In an article that impacted the InforChannel portal, Marcos Roig, Commercial Manager at Mercado Eletrônico, addresses the key points that must be taken into account when analyzing and calculating lead time in procurement.
Knowing how to calculate lead time in procurement is a practice that can bring several benefits both to company operations and customer service teams. Knowing how to analyze processes, understand gaps and keep the whole product cycle under control, until delivery time to the customer, is extremely beneficial, so an effective strategic planning can occur in the company.
However, before companies can calculate lead time correctly, some assumptions must be made. According to Marcos Roig, “first of all, you must create a list with the requested products – that is, a document with all the raw materials purchased to manufacture each item that will be sold. This table should also contain repair or installation services, if such procedures will be needed for product completion”. In other words, you must discriminate, in a table, all required supplies and services to make the end product.
“You should know the required procurement period of each listed item” – Marcos Roig
Another important point for Mr. Roig, which directly affects lead time calculation in procurement, is knowing the required period to purchase each listed item, always in an organized and strategic manner. According to Mr. Roig, “an ordered item may take about 5 days or more to be delivered. You should calculate a safety margin of a few days, taking into account unpredictable transport events”.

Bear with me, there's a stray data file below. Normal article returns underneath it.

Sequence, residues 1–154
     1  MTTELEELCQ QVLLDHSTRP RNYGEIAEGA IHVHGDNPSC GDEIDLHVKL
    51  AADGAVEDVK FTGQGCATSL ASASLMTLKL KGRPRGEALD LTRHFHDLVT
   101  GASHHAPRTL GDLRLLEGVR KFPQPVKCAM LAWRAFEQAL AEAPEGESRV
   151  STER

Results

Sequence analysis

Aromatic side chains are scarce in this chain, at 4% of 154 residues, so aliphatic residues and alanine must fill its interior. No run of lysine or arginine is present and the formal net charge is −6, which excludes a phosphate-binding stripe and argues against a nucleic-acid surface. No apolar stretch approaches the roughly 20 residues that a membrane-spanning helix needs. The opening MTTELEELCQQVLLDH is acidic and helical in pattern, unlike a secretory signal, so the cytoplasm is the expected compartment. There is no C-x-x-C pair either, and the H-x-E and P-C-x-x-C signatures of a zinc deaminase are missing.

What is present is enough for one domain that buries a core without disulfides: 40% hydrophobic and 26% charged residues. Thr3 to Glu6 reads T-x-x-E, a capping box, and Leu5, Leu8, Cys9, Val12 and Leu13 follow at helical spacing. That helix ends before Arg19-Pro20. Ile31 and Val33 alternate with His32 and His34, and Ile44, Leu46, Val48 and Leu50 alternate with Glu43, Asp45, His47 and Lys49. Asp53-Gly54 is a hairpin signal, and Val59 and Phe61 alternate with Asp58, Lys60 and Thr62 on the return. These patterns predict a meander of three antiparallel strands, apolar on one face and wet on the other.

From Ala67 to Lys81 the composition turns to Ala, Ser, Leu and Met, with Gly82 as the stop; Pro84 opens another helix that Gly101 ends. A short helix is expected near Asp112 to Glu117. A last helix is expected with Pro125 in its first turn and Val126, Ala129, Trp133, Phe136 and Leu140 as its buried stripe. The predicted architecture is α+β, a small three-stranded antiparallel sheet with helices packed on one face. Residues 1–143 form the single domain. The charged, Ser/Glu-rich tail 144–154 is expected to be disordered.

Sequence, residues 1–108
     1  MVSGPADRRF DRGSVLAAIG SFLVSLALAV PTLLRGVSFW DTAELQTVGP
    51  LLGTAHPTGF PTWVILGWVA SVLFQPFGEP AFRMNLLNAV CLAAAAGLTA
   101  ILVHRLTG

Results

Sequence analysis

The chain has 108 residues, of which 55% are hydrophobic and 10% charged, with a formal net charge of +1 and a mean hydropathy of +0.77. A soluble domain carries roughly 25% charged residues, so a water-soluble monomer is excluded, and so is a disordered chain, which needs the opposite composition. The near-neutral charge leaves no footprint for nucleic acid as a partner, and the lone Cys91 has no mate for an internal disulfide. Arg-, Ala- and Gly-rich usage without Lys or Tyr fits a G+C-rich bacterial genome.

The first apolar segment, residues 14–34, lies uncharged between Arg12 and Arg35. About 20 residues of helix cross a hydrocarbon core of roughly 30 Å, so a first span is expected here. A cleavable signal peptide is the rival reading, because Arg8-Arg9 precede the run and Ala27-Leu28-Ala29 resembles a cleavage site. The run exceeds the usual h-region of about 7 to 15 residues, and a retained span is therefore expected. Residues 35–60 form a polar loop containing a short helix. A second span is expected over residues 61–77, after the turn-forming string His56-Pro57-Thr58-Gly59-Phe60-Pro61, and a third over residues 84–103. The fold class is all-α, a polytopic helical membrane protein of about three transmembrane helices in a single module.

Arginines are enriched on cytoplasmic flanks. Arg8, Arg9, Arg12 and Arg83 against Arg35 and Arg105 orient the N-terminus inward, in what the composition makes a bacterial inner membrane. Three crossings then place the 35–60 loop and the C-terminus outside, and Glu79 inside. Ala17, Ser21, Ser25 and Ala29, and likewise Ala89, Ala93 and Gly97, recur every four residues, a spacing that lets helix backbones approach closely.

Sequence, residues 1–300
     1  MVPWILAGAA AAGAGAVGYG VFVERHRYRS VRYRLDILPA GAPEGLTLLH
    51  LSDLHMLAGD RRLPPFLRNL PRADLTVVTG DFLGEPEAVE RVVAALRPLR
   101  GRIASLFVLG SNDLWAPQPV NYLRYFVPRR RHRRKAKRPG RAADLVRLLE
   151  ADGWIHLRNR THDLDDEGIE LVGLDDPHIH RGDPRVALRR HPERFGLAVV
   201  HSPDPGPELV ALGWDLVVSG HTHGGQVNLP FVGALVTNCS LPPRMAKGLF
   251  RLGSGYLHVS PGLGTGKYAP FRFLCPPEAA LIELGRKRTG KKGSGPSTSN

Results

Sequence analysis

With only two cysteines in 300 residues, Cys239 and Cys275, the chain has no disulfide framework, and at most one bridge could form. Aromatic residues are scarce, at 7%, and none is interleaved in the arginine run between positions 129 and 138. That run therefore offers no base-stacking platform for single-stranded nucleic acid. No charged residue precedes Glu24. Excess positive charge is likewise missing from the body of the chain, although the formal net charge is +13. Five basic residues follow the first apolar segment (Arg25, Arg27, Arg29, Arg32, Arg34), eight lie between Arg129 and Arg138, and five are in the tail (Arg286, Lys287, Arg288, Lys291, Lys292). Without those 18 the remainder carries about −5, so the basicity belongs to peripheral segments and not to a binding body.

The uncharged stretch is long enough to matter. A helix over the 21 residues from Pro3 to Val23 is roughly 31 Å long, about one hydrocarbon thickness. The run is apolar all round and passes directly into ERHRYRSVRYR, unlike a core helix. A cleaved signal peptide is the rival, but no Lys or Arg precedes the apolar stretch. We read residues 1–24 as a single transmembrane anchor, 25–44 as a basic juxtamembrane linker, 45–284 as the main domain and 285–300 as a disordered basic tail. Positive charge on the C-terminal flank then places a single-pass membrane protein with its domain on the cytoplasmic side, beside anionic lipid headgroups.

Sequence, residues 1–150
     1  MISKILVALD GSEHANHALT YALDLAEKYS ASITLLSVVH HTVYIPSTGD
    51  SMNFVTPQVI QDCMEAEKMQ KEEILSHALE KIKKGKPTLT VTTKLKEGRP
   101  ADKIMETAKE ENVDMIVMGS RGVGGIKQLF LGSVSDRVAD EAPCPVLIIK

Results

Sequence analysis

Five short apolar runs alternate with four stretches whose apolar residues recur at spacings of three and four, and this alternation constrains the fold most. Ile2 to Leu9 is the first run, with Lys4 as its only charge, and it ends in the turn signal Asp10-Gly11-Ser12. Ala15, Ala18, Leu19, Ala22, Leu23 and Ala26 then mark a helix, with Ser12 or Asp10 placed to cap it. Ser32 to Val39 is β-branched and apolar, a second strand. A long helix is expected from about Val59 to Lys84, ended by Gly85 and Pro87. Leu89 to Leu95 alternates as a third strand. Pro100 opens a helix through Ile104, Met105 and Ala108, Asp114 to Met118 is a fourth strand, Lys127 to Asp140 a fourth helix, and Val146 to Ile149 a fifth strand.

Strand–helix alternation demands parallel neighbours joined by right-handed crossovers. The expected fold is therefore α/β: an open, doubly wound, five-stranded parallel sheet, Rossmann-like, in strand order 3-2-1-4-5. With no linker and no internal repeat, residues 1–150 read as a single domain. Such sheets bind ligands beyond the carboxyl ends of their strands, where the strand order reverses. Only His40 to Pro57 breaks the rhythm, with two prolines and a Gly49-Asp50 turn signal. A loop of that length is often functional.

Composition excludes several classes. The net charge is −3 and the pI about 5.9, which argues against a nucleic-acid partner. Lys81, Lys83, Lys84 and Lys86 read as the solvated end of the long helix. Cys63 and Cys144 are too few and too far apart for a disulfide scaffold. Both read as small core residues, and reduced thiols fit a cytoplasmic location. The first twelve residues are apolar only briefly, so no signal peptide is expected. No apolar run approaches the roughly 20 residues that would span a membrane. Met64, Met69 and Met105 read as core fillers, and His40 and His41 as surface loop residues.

It’s worth being attentive also to the work mode of each supplier, as some of them operate in business days only. In this case, you can’t include weekends in your planning. You must also remember to record waiting time accurately, until the arrival of inputs.
In this scenario, all records and analyses can make a difference. You should understand the required time for the company’s employees to create a batch of a particular product, upon receipt of the essential supplies for its production. Then map unforeseen events, possible delays, maintenance activities and – if you are a service provider – the time schedule of your employees.
Finally, Mr. Roig alerts that you shouldn’t forget to add, to the period required to manufacture a product or complete a job, the required waiting time of inputs.
This entire flowchart, from the time it takes to receive any ordered items to the manufacturing period of the end product, represents the lead time to make an item available for delivery to the customer.
Read also about the key influences of lead time on procurement, in an article written by Alexandre Moreno, Director of Services at Mercado Eletrônico.